The Facebook Identity Crisis

25 04 2009

“I had heard rumors around campus of other people developing the habit, but I was skeptical it would have power over me. After all, how bad could it be if some Ivy League kids discovered the formula messing around in their dorm room. I thought I could stop anytime I wanted. I was wrong.

Nothing beats that first time but now that I am really hooked, I spend countless hours trying to find that feeling again. There’s been times I swore to myself I would never go back to it. Whatever “friends” I have made through doing it are purely superficial. They are all just suffering from the same problem….

I used to be ashamed of myself when I started to sneak off during parties to get my fix. Now, I need it first thing when I wake up in the morning. I even do it at work. Really, I don’t think I could get through the day without it. It’s nothing like it used to be though. They keep making it stronger and more complex now that big business has gotten involved. It’s been all over the media and I think my boss is hooked which is the most unsettling part about it. I feel like I have relinquished my identity to it and now everyone can see. Should I fight it or just give in? Part of me feels like if I quit now I would be losing a lot, but I also don’t want my past to get exposed.”

Does this sound familiar to anyone? This quote is purely fictional but my hope is that it helped some people come to terms with what so many are experiencing. Now that I put it out there, let’s talk about it…

The Facebook Identity Crisis

What is exactly is it? The Facebook Identity Crisis is struggling with balancing Facebook for work and play. So many of the first generation of Facebook users have now graduated and entered the working world and are being presented with a dilemma. We have accumulated a social network of contacts that is incredibly useful now that we are in “the real world”. With a click of a mouse we can call upon these contacts for just about anything, and because of the close relationships we have built and maintained over time, we can expect an incredible response.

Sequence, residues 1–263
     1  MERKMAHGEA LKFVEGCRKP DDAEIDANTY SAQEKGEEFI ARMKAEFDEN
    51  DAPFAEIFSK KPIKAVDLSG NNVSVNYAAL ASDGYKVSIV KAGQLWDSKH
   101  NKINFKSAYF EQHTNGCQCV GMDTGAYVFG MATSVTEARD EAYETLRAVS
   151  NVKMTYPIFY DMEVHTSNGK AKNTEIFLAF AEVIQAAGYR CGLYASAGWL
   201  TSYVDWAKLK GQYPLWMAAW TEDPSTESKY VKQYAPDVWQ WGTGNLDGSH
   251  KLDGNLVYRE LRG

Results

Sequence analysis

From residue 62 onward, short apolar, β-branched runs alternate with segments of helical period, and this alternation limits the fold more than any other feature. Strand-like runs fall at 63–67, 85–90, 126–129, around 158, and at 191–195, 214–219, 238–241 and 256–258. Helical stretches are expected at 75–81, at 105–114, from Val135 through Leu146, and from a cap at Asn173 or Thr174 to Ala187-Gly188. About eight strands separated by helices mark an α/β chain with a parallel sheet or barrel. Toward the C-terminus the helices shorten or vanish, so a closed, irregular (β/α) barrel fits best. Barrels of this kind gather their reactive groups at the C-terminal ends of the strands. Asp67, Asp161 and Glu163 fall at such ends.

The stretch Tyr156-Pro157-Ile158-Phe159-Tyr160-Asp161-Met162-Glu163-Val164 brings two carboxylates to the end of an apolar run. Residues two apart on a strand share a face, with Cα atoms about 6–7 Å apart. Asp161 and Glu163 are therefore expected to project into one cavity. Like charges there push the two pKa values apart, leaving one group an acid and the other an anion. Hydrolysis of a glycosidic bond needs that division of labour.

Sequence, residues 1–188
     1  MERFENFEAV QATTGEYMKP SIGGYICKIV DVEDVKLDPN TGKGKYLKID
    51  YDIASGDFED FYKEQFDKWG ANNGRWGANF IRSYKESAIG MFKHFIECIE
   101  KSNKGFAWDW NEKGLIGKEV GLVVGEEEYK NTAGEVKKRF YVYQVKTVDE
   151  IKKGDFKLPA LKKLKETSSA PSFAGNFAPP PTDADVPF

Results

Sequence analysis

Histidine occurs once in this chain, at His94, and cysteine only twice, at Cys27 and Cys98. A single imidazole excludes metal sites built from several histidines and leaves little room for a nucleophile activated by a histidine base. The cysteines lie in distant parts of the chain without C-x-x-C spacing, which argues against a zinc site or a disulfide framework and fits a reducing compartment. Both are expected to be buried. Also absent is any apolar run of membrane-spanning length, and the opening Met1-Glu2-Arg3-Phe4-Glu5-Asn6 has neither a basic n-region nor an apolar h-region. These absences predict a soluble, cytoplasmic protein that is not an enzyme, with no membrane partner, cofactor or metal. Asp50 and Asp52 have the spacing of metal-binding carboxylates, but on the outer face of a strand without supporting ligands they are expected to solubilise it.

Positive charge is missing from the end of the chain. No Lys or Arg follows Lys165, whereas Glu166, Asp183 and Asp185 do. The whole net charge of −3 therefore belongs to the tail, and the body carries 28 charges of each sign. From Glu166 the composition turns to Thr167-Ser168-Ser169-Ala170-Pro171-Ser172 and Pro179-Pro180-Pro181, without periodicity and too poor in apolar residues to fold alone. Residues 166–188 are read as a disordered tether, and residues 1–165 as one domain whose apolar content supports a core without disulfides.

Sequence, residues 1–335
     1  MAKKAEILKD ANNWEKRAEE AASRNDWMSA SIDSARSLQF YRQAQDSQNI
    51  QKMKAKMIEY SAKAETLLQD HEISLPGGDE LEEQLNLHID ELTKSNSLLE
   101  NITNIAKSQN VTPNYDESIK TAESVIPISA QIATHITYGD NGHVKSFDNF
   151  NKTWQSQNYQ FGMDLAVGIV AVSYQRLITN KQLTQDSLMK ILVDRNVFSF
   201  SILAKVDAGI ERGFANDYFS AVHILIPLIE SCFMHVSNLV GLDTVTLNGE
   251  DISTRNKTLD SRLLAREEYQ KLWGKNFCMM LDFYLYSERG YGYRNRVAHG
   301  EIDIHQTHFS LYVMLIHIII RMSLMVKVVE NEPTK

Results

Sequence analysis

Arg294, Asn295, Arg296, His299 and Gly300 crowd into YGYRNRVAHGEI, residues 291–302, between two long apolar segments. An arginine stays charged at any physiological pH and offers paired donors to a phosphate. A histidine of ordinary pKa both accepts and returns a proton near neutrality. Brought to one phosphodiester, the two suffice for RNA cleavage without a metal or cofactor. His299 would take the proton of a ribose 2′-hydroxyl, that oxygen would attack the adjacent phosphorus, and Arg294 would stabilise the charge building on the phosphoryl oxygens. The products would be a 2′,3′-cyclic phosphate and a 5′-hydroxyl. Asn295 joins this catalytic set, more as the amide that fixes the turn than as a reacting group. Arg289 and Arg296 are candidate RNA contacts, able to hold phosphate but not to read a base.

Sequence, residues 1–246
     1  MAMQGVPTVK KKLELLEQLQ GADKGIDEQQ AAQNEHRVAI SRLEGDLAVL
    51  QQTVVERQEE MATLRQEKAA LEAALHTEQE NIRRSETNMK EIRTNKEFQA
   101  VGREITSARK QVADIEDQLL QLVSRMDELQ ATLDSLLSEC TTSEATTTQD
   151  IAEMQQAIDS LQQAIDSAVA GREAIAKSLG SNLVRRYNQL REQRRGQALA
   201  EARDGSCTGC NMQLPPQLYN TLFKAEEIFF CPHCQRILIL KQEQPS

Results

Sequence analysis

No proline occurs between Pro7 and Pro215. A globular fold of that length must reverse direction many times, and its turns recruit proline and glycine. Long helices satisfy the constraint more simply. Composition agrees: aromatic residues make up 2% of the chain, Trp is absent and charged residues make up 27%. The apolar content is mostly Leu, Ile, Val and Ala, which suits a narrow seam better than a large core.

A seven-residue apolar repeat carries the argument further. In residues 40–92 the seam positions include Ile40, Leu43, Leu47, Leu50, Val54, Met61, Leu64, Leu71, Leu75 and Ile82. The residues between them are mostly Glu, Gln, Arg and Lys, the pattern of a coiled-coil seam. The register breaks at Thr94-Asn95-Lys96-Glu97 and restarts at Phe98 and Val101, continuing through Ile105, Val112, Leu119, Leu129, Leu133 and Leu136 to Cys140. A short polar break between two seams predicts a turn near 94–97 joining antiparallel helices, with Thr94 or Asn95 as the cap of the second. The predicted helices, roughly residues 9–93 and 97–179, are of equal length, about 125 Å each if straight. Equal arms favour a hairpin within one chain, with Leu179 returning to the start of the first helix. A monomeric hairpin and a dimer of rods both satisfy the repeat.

Now, this was ideal in college when you needed to find a party for Thursday night and the lecture notes for the following Friday morning. But now that our newly budding professionals careers are at stake, do we want to risk the chance of accepting our boss’ friendship request in the morning and getting an obscene wall post in the afternoon? Is it ok to contact someone you haven’t seen in three years with a sales pitch? What amount of transparency should your profile posses in order use Facebook as a tool? I think what it all comes down to is acknowledging who you are and where you came from.

What do I mean by this? Well, go ahead and ask yourself the question “Who am I?” Chances are you will say something like “accountant”, “sales exec”, “caring friend”, or “loving family member”. You wouldn’t say “Watermelon”. Everyone who knows you knows you’re not a watermelon. So why would they trust you if you came to them for anything claiming to be a watermelon. They would think you’ve lost your mind. What’s my point? If you are going to be visible on Facebook don’t try to be someone you’re not. You have maintained friendships by being yourself and that is the only way to hang onto them. Work it to your advantage by being genuine. Invite your network to events and include a message of how much it would mean to you if they showed, because it should.

On the flipside don’t feel guilty if you don’t keep your photo tags public. Everyone has a couple of moments caught on camera where they acted out of character, myself included. I won’t get into the specifics of my own, but I will say that my friends know who I am deep down and that’s why they find those kinds of pictures so amusing. But there is a risk involved when people who don’t know you, like potential employers, have access to those photos and get the wrong impression. They’ll think you’re a watermelon. (Are we picking up on the analogy?)

These are just two examples of an infinite amount I could cover. As I type this I am realizing that my intent on writing this was not to tout myself as a Facebook expert, but rather to generate a dialogue about an issue that so many of us face. I sincerely hope that after reading this you leave a comment to let me know your thoughts. Whether you agree or disagree I think the topic needs to be brought to light. If you would like to contact me personally I encourage you to do so by catching me on Twitter (@StrickerOnline).